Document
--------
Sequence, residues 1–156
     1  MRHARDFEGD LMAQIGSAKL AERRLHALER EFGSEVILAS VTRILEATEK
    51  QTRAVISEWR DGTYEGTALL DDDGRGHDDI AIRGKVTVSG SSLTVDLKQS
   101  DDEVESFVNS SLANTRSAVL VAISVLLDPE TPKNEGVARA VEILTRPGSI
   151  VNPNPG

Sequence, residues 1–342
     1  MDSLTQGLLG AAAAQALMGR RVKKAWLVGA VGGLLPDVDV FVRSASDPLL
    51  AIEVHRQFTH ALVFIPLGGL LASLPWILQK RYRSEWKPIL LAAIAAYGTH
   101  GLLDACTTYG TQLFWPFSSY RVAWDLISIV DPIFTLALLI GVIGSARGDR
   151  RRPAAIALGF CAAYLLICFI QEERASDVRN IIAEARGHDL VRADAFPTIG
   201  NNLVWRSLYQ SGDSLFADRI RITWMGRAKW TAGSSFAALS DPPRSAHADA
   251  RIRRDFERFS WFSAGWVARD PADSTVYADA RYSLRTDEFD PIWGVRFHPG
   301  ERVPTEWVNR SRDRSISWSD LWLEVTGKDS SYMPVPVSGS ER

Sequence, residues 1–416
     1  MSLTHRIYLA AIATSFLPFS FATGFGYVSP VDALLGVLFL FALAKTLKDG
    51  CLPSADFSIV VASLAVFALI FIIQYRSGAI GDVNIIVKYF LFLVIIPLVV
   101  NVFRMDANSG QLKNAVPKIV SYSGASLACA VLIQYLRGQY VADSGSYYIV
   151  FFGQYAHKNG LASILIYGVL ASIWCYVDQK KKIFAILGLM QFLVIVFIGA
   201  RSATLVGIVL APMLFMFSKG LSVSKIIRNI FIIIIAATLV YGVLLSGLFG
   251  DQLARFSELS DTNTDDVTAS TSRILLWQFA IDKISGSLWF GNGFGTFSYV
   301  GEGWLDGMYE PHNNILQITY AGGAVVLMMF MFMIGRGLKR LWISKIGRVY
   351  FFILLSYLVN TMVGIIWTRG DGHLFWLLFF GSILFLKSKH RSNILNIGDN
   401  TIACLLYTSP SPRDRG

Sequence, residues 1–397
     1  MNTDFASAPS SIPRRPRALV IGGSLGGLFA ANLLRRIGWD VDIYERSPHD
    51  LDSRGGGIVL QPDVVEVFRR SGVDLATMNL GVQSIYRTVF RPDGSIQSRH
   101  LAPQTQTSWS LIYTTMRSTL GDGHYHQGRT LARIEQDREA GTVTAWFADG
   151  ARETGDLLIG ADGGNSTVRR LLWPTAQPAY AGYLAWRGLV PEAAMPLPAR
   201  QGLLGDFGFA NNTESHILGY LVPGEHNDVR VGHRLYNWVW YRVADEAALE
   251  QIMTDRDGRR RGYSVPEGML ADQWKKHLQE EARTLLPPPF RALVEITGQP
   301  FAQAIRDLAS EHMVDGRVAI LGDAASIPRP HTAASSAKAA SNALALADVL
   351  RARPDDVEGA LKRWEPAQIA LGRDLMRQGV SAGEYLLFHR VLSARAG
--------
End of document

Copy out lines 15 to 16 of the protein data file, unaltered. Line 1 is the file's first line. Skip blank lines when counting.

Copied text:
     1  MSLTHRIYLA AIATSFLPFS FATGFGYVSP VDALLGVLFL FALAKTLKDG
    51  CLPSADFSIV VASLAVFALI FIIQYRSGAI GDVNIIVKYF LFLVIIPLVV